Following Deep Work I was hungry for something that would help me make the most of the time I spent trying to get better. I didn’t have this thought foremost in my mind when I scrolled through my priority reads folder, but… lucky, remember?
So I pulled The Talent Code from my stack and set to it. It turned out to be another one of those books I get hooked on, and I read most of it over the weekend. The prose flows, and the ideas are interesting. Daniel Coyle takes us on a tour of several “chicken-wire Harvards”, places in the world where “talent”, defined as, “the possession of repeatable skills that don’t depend on physical size,” spring up with the profusion of dandelions.
So, what is talent made of?
If you read my review on Deep Work, you won’t be surprised when I say, “myelin”. Neurons fire together and wire together, and this sets the basic circuit diagram, but it’s not the whole picture. As you practice, ideally focusing on exactly the skill you’re trying to build, ogliodendrocytes wrap the axons in the circuit in myelin, reducing the signal leakage, and tuning the circuit to fire faster or slower, as needed, adjusting it to work in an exact pattern of sequence and timing.
How do you build up your myelin? Practicing at the edge of your ability, and in such a way that you get fast feedback. The example held up as a central one early on is of a girl learning to play a clarinet piece, doing so in a somewhat halting fashion, trying a little, stopping to consider what wasn’t right, and then trying again. What looks from the outside to be fractured and useless is in fact high level practice – so much so that Daniel says the video could be called, “The Girl Who Did a Month’s Worth of Practice in Six Minutes”.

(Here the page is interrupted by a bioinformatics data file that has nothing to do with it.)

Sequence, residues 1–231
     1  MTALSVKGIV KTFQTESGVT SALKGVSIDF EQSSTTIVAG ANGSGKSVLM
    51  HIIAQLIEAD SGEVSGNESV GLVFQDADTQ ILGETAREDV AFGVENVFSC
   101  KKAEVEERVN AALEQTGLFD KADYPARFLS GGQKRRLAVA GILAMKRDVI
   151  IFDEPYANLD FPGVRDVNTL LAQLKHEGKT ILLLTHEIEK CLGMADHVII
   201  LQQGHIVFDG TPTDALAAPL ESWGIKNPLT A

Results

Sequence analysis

Struggle and difficulty are the key to becoming great. Brazilian soccer is the example here – Brazilians often have limited space in which to practice, and a version of the game that takes this into account known as “football in the room” with a smaller, heavier ball, is held up as the secret to great soccer. Football in the room, or ‘futsal’, puts much more pressure on the players to maintain ball control, to think quickly, to deal with tough situations, and it shows when they get out on the larger field with the lighter ball.
The myth of the genius performer, brilliant from the start, is dissolved as well. The Brontë sisters come up here – for a long time, they were considered to be inexplicable prodigies, springing up with expertise as if given by the gods. Instead, they spent their childhoods cooperatively writing, starting with nearly direct copies of the magazine articles and books around them. Over time, their skill grew, and they eventually became the great authors we celebrate to this day.
A particularly interesting example is the artists of the Renaissance. A small place and a brief time produced many of the greatest artistic works of human history. Why? Practice. Vast, vast amounts of practice, optimized under the guild system. Children were apprenticed to masters, who taught them their craft from the bottom up with endless practice. The great artists of the time spent their youth mixing paints, preparing canvases, and sharpening chisels, surrounded by inspiring works and other experts. Directly from the mouth of one who lived it –
“If people knew how hard I had to work to gain my mastery,” Michelangelo later said, “it would not seem so wonderful at all.”
The Talent Code is an excellent examination of where talent comes from, what it’s made of, and how to get some of your own. It delves deeply into how to grow your talent, and I’d heartily recommend it to anyone who cares to become great.